Is There a Connection Between Nutrition and Depression?

“You are what you eat” is an oft-repeated anthem, a quick way for us say that what we eat matters on an essential level to our health and well-being. It’s far too easy to ignore or dismiss, given the power of emotional, or stress, eating. Increasingly, and compellingly, a growing body of research identifies connections between diet (along with other lifestyle elements) and how we feel physically and psychologically.

What we eat has a direct effect in terms of nutritional richness, as well as affecting interrelated factors, including gut bacteria (the microbiome and use of psychobiotics to address mental health), inflammation; energy metabolism (e.g. mitochondrial function and nutritional supplementation), antiaging medicine; and effect on memory and cognition—sometimes subsumed under the rubric “nutritional psychiatry”.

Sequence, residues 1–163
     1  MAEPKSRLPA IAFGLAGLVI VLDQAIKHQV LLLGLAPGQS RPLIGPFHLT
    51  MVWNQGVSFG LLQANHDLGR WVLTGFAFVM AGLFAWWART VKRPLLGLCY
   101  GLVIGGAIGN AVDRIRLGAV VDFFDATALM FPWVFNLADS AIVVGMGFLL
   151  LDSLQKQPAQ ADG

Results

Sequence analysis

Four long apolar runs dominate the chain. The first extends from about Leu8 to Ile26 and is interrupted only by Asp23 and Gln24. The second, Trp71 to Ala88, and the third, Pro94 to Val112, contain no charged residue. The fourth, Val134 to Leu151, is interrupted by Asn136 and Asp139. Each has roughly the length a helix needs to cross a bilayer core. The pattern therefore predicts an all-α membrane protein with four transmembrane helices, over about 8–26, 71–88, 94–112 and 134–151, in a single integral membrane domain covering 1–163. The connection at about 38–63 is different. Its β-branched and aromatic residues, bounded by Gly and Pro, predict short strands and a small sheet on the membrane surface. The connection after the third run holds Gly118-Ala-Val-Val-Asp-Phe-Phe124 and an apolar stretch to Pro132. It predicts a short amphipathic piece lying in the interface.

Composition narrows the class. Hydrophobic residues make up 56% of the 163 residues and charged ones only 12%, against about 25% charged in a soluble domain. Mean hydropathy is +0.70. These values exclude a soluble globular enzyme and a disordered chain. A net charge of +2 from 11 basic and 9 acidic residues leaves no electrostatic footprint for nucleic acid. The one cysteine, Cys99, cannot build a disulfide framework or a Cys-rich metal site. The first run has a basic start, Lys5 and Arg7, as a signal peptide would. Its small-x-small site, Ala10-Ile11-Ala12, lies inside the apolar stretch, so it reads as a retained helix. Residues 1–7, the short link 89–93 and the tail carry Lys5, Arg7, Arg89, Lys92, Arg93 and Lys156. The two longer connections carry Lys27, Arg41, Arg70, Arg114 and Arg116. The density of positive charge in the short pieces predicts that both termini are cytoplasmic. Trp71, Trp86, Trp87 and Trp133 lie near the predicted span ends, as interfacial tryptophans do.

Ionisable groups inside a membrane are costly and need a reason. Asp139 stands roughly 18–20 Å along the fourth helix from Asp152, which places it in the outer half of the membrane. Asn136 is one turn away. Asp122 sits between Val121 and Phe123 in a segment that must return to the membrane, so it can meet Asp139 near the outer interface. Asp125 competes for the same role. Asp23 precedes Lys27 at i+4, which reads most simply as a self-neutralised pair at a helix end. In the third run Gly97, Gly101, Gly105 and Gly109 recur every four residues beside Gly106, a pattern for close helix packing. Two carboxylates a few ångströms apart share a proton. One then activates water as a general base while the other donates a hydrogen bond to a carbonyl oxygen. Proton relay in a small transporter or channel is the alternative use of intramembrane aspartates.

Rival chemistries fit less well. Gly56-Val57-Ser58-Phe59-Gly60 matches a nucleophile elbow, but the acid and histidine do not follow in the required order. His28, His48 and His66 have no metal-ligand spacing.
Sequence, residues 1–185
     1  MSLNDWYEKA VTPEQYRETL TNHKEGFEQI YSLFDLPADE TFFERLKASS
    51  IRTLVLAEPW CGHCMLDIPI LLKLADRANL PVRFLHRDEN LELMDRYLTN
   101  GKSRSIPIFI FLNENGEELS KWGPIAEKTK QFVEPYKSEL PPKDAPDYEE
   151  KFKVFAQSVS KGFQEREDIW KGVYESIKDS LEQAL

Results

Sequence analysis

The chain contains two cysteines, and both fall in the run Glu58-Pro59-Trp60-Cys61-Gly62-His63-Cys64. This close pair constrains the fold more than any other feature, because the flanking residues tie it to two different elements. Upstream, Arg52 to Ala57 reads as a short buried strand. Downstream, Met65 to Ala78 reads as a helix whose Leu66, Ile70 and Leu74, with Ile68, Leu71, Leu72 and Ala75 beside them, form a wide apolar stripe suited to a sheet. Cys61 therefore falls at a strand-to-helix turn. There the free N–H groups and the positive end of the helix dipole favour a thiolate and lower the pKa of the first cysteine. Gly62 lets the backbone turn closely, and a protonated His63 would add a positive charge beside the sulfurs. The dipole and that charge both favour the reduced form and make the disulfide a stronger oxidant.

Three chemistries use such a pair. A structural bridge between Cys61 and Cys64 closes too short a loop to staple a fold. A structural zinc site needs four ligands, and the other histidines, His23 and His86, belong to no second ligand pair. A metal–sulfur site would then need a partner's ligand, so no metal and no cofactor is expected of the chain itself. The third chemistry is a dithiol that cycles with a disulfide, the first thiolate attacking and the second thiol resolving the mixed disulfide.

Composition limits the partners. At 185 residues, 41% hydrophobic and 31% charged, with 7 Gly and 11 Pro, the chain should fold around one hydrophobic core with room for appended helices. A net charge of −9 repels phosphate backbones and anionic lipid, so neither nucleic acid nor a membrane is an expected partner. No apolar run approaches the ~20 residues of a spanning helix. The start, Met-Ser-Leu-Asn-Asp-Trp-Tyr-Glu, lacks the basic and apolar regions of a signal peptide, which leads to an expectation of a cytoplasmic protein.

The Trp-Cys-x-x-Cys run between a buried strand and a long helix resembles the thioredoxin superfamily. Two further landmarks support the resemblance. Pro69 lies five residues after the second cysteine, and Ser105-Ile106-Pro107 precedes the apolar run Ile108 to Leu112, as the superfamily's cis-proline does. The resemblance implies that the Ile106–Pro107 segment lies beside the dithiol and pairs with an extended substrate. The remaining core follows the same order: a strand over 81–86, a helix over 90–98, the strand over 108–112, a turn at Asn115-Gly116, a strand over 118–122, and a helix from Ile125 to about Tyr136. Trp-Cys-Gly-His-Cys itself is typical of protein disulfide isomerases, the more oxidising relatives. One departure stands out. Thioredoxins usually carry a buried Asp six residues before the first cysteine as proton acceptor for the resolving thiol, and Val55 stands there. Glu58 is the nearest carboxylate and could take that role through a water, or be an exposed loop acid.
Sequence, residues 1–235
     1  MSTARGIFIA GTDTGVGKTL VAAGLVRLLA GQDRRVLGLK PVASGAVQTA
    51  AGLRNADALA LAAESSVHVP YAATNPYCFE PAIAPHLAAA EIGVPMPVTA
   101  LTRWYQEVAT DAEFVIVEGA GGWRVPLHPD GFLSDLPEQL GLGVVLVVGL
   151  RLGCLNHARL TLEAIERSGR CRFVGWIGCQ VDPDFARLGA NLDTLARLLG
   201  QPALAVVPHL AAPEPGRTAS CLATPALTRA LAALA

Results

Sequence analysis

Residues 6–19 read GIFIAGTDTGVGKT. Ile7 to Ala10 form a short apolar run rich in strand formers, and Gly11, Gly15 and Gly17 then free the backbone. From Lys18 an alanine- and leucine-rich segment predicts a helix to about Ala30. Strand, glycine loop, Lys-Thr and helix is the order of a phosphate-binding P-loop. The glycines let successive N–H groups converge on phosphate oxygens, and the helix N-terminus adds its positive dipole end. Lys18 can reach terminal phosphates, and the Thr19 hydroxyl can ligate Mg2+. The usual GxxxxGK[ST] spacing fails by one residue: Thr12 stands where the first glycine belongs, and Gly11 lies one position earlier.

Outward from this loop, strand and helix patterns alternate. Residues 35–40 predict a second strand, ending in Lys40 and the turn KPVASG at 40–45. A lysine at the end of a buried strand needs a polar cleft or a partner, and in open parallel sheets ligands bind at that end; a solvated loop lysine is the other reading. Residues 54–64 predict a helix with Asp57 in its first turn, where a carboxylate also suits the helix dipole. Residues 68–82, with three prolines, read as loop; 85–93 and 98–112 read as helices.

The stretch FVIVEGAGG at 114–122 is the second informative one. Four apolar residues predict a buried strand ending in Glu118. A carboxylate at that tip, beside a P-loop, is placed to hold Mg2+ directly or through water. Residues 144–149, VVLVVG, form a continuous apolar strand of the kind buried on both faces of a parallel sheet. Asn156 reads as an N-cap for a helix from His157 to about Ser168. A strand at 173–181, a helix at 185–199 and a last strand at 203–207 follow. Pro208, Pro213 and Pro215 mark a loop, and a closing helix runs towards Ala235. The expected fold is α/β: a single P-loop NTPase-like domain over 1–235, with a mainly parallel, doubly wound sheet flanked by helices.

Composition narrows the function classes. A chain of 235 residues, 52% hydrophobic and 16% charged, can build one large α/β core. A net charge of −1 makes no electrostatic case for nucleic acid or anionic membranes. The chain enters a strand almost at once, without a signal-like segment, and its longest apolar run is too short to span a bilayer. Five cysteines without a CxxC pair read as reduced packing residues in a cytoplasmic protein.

Eating and nutrition are, of course, a critical aspect of social behavior—breaking bread—and for many reasons, social life is as integral to health as are individual efforts, adding a layer of nuance to food choices. It’s easier to be healthy when we partner with others to achieve our goals. While smaller studies are interesting and often drive individual behavior (e.g. changing diet or taking a supplement after reading something online), population-based studies provide more robust data to inform decision-making.

Excerpted from Psychology Today

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